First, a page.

I’ve activated Mt. San Cristobal today for the 35th time since I started doing it on December 2013.
In the begining I used to activate on 2m FM only with a Yaesu HH because I had too little time available to deploy the HF gear in the way I had it at that time, so I was doing HF on Sunday activations only.
As the time passed I had the chance to see what other activators were doing and I started to think about a way to prepare my HF gear for a fast deploy.
Since I prepared a wooden box with the FT-817ND, the MFJ antenna tunner and all cables preconnected inside, plus the mobile whip antennas I bought second hand from a good friend of mine, which I quickly set up on top of a not too long PVC tube with a single wire radial sloping down, I’m now able to activate on HF in my short stays on this summit.
The regular ascents I do on Saturday mornings keep me fit and well trained for other activations.
Today, I’m going to show you the route I follow in case some of you feel like trying it one day.
So far, just Juan Carlos EA2EEB and Teresa EA2EHK have got the courage to come and do the hike with me.
This is the way I usually drive in the morning from my QTH to the village of Berriozar, at the mountain base:
Here you can see a Satellite view of the mountain. The start point is where you can read “CASCO ANTIGUO” which is the older part of the village Berriozar, in Basque language Berrio-Zahar.
The red circle in the following picture shows the area where I have always been able to park my car so far and the red arrows show the route I follow to hike the mountain:
The hike is quite demanding, as it’s long and steep starting at about 450m a.s.l. and ending at almost 900m in a continuous steep track.
This is a closer look to the final part of the hike until I reach the operating position, which is always the same because I fix my PVC tube to a wooden pole and the extension cord I use to keep the wire radial straight in position towards the NorthEast tied to a metal plaque with information of the mountain and the not anymore in service military construction you can partly see in this picture.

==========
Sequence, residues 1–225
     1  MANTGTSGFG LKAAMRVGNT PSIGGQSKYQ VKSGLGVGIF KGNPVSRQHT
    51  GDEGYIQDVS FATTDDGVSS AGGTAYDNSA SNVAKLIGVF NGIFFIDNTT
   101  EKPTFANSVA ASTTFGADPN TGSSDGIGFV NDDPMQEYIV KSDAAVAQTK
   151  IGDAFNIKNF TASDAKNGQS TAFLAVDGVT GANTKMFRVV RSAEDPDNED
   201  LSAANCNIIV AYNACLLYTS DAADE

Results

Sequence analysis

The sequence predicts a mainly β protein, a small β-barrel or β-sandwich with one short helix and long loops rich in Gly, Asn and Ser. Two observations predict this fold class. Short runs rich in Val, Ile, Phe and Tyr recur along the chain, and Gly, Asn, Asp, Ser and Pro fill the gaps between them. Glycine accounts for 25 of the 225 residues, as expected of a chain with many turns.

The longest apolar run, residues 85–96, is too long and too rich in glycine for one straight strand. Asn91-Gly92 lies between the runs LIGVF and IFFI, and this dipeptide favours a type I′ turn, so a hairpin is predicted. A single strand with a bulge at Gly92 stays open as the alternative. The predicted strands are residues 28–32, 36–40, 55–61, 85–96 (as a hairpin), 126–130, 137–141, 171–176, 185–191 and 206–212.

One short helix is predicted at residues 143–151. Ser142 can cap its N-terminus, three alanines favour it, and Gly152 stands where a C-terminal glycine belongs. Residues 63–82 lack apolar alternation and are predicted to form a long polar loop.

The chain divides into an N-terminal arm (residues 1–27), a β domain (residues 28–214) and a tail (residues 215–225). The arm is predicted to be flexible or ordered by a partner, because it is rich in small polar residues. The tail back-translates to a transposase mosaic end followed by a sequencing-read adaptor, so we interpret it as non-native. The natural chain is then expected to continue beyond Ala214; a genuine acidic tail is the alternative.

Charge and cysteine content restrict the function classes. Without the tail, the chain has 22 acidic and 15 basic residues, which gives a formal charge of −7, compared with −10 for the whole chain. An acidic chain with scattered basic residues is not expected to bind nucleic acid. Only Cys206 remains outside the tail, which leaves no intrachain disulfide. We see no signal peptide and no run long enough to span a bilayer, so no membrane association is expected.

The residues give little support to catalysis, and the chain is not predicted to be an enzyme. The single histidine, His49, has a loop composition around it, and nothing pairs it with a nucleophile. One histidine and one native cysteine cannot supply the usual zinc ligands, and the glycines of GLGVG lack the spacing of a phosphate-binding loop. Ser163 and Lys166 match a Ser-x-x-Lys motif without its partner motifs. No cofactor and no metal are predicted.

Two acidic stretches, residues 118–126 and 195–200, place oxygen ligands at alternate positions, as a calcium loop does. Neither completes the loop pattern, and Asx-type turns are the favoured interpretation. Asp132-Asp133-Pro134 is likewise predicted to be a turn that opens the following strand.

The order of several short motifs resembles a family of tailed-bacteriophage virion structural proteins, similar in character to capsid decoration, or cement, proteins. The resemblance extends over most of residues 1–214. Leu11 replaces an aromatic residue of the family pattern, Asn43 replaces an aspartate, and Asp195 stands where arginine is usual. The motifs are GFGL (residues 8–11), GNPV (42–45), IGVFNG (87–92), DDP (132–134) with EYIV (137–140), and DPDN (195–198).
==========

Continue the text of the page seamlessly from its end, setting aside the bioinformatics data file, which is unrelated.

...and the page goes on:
I started the hike at 10h01 utc and got to the operating position at 10h34, so it took me again 33 minutes, as it did last Saturday. I quickly set up and started CQing on 14.062 at 10h42, just 3 minutes before my alert announced start time, so the RBN didn’t pick up my CQ calls, neither the chasers seemed to. So I sent a self spot through SMS and I quickly got the first chasers.
However, the pile up wasn’t too big, neither the log got many QSOs today, which makes me think that the forecasted CME impact might have indeed impacted us and conditions were not too good.
They were not too bad at all anyway and I enjoyed QSOs with 11 chasers, 2 of which were S2S, one with Marcial EA2WX/P at EA1/BU-082 and the other one, which was my very last QSO of today’s activation because I run out of time, with OE/DK7MG/P at OE/TL-025.
Hans HB9CKV called me at 10h58 and I gave him signal report, but it looks like QSB didn’t play well for us, as he never came back to me. So unfortunately NIL (Not In Log)
This is the full log of today’s
Note that DL2HWI is on the log at 10h50 and also at 10h56.
CW is just a peeping sound and there are no voices to recognice the operator but, after many years working CW, I can easily distiguish CW operation from one hand to another, from one station to another, due to signal strength, CW tone, rithm, speed… particularly if one them use to make several times the same mistake of sending 5 dots for an H instead of 4.
This is not the first time this happens and I write this to warn the one using DL2HWI callsign to chase activators when he is not indeed him. I know who is him.
Thanks again dear chaser for your calls and for making so fun and encouraging for me to hike up this mountain every Saturday morning.
I’ll be looking forward to QSO with you again soon from this or any other summit.
Best 73 de Guru